Wellness Screen provides mental wellness screening for students in their school environment. Students voluntarily answer questions about their thoughts, feelings, and behaviors. Answers are confidential and only seen by Wellness Screen staff.
Mental wellness screening allows for early identification of highly treatable mental health needs, including those that may be associated with increased suicide risk. If mental health needs are identified, results will be verbally shared with the student and their parent/legal guardian. Wellness Screen staff will provide resources and offer support to find appropriate mental health services.
Psychosocial (psychological and social) problems are relatively common. Such problems often go unnoticed by pediatricians, teachers and even parents and can lead to more serious problems in later life. Research shows that earlier detection and treatment can lead to better outcomes.
As such, professional organizations like the American Academy of Pediatrics (AAP) recommend psychosocial screening as a part of the annual physical for all children and adolescents. -Massachusetts General Hospital, Psychiatry Department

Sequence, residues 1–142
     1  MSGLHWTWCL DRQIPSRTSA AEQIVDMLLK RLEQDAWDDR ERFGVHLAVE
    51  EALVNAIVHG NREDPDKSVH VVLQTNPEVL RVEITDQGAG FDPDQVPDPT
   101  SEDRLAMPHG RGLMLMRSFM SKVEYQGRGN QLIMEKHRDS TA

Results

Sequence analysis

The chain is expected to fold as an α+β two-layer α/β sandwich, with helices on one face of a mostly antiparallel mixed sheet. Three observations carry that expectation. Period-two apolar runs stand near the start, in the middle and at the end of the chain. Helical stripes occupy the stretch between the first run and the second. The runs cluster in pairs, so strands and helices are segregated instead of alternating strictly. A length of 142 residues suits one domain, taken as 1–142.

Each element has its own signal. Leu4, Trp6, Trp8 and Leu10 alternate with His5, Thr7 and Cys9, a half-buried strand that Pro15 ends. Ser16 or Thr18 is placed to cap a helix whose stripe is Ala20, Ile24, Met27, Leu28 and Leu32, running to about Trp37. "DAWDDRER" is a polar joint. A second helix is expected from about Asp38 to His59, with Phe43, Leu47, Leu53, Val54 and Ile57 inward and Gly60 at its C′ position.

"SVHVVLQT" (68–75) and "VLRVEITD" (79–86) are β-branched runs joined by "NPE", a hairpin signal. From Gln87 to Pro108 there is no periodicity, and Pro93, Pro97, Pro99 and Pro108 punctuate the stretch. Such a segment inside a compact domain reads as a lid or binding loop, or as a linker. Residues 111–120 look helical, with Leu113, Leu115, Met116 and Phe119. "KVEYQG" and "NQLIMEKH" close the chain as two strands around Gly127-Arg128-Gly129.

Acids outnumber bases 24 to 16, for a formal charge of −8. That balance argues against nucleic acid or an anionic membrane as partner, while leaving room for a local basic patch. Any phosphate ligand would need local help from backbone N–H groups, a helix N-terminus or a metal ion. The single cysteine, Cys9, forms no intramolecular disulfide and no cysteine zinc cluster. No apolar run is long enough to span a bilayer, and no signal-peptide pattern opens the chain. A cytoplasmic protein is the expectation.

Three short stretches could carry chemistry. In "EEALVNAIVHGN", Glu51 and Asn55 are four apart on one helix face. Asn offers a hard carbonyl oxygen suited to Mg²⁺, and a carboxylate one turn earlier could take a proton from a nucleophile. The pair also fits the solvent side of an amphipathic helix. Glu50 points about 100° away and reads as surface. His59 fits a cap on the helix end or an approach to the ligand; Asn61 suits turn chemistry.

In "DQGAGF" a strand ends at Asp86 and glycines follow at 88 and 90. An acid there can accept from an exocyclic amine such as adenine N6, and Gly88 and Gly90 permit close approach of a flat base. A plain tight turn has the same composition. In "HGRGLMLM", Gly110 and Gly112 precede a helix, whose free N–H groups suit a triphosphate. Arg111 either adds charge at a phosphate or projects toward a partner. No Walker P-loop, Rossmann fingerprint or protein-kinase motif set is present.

Dr. Lori Hilt, professor of psychology at Lawrence University, helped shape the design of the screening tool and remains involved in the data collection and analysis. She and her students work with the data every summer to ensure they are asking the right questions and using the best possible science to help kids.
“It’s overwhelming to think about what it would be like if we didn’t have the screening program. I think it provides such an important service and helps thousands of kids every year,” she said at the program’s 10th Anniversary Celebration on September 15, 2023.
Wellness Screen uses the Pediatric Symptom Checklist- Youth PLUS to screen students in 6th-12thgrade*. This tool is based on a well-researched, valid, and reliable tool, the Pediatric Symptom Checklist. The PLUS portion of the tool includes questions related to non-suicidal self-injury, suicidal ideation, risk factors related to depression, anxiety, and suicidal ideation, as well as substance use from the CRAFFT.
The tool, as well as the Wellness Screen process, is analyzed annually by the Child and Adolescent Research in Emotion (CARE) lab at Lawrence University.
Wellness Screen is VOLUNTARY. If you do not want your student to participate in the program, complete the opt-out form. Please note, students can refuse participation at the time of the screen.
*Mental wellness screening is available for students K-5th grade using a separate tool and process.